“It’s important people work with advisors so they’re aware of what they need to be disclosing,” she says, especially if the CRA does a review that could have wide-sweeping tax implications at a later date, including a potential audit.
How real estate is considered a deemed disposition
Denise Batac, tax partner at Crowe Soberman LLP in Toronto, says there are many nuances with the rules.
For instance, emigrants could elect to have their Canadian-owned real estate considered a deemed disposition when they leave the country. She says someone might do this if there’s a loss on the real estate to offset gains on other assets subject to departure tax.
“Obviously, that hasn’t been an experience we’ve had lately with the increased market value” of real estate, she says, but it’s a planning tool advisors should be aware of.
If the non-resident sells the Canadian-owned property, they will need to file a certificate of compliance with the CRA to notify them of the disposition, generally speaking, before or within 10 days of the disposition, she says.
Also, the purchaser must withhold 25 per cent (or 50 per cent where the real estate is depreciable property) of the gross proceeds on the sale, Ms. Batac adds.
“The CRA can levy significant interest and penalties with respect to failed withholdings and failure to file a clearance certificate,” she says. “So, it’s important your Canadian real estate lawyer is aware of your non-resident status to ensure compliance in this regard.”
More moving abroad with remote work
Jason Pereira, partner and senior financial consultant at Woodgate Financial Inc., a financial planning firm under the IPC Securities Corp. umbrella in Toronto, says he’s had more inquiries about people leaving Canada in the past six months than he’s had during the past decade, driven in part by the remote work trend.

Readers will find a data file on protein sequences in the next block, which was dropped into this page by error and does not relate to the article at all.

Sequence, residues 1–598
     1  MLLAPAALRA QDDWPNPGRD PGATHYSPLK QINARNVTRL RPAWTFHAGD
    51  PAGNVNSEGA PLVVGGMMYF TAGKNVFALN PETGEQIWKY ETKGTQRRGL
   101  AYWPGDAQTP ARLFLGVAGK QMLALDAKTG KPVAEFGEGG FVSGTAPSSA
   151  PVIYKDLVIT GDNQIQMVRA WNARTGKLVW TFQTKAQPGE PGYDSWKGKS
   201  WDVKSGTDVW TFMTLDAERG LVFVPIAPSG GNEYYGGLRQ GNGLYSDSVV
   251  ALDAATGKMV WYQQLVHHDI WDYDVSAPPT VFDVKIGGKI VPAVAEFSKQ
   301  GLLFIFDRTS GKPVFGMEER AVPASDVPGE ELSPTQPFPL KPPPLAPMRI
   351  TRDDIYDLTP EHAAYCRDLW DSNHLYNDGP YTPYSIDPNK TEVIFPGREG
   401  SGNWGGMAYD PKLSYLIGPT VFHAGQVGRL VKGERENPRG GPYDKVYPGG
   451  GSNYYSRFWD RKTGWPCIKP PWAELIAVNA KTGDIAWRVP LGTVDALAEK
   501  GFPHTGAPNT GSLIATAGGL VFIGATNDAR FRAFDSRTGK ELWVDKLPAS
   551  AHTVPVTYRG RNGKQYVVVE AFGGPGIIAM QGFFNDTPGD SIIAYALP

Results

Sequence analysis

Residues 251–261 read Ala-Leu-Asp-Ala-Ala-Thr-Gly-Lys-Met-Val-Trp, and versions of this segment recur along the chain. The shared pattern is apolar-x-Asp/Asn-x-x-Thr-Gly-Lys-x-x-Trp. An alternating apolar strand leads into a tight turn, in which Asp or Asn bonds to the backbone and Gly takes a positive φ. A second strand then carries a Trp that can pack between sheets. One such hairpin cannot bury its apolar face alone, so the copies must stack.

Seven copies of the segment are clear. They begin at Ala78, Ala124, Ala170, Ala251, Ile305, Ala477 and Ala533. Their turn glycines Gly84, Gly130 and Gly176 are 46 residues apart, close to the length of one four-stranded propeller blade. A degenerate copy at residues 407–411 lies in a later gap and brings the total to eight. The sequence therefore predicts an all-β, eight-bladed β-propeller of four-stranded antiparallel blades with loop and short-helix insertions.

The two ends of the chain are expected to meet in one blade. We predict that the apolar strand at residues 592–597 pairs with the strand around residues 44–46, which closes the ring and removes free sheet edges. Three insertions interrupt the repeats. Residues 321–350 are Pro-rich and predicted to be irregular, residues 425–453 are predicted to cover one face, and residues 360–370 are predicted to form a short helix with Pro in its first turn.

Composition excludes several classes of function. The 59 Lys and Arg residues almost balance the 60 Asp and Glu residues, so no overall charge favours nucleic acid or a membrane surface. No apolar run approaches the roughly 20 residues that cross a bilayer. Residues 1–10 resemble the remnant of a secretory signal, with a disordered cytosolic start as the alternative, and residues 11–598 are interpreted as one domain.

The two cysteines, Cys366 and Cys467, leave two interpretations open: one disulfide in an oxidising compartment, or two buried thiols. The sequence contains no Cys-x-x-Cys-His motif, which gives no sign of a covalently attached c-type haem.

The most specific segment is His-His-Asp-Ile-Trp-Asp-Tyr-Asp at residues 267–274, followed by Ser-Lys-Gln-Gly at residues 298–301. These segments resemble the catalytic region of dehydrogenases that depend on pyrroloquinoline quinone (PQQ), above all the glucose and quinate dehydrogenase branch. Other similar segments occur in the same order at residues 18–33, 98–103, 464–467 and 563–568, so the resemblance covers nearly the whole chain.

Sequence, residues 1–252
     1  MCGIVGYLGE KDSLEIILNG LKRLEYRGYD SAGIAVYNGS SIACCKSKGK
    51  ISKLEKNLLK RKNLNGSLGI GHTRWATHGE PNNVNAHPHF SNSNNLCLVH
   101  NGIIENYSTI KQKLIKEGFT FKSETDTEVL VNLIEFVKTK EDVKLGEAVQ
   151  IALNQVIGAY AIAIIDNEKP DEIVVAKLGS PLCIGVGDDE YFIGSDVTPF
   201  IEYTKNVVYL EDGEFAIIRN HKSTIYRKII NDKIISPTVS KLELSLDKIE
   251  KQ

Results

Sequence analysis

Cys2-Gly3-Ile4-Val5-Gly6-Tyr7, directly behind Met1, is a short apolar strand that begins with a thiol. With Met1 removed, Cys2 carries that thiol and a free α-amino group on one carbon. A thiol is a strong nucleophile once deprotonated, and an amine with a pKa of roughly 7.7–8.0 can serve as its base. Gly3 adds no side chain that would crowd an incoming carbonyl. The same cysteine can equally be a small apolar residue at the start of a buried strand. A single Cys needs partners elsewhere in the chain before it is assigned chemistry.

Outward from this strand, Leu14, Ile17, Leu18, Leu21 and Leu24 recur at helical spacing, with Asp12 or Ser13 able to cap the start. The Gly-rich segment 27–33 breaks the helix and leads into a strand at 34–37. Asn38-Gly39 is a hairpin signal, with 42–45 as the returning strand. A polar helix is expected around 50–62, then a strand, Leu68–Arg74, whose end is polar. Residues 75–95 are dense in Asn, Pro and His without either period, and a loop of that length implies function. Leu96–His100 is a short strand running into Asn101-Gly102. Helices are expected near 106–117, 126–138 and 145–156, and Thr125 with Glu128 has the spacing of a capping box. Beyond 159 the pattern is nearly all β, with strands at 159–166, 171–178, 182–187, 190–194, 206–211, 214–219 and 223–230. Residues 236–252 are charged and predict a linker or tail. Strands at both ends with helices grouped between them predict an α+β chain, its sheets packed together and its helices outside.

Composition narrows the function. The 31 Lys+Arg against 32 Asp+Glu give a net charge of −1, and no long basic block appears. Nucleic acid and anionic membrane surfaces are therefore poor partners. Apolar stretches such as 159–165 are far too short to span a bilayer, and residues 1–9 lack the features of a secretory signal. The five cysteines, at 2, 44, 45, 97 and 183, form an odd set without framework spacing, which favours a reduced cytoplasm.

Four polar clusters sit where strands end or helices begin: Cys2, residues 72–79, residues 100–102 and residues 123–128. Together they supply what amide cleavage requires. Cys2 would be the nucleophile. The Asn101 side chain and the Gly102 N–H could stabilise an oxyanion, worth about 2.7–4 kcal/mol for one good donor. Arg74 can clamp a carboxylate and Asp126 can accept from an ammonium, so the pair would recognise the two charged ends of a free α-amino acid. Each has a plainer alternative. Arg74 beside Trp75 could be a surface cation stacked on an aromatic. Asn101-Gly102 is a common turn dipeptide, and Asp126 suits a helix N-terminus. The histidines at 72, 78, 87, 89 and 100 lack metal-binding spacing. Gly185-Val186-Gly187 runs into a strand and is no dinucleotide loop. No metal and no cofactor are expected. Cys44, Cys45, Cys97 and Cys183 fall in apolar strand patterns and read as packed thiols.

He says many Canadians don’t understand the tax implications of becoming a non-resident.
“Some people think that just because they can vacation in that other country, they can stay there,” he says. “The reality is, if you’re going to forego your residency and be a resident somewhere else, then essentially you’re leaving the country.”
He says the rules apply to people who retain Canadian citizenship in other countries.
“It’s not about renunciation; it’s about residency,” he says. It can also apply potentially to snowbirds if they overextend their time in the U.S. based on the CRA’s 183-day rule.
Canadians who move to other countries also need to understand the tax and property rules in those jurisdictions, Mr. Pereira says. For instance, it’s legal to seize personal property in some countries, which can be surprising to many Canadians.
“There are also plenty of countries that Canada does not have a tax treaty with, as it does with the U.S., for example,” he says. “Worst-case scenario is you could be subject to double taxation.”
Editor’s note: An earlier version of this story referred to a filing with the CRA as a clearance certificate. This has been changed to the correct document name, which is a certificate of compliance.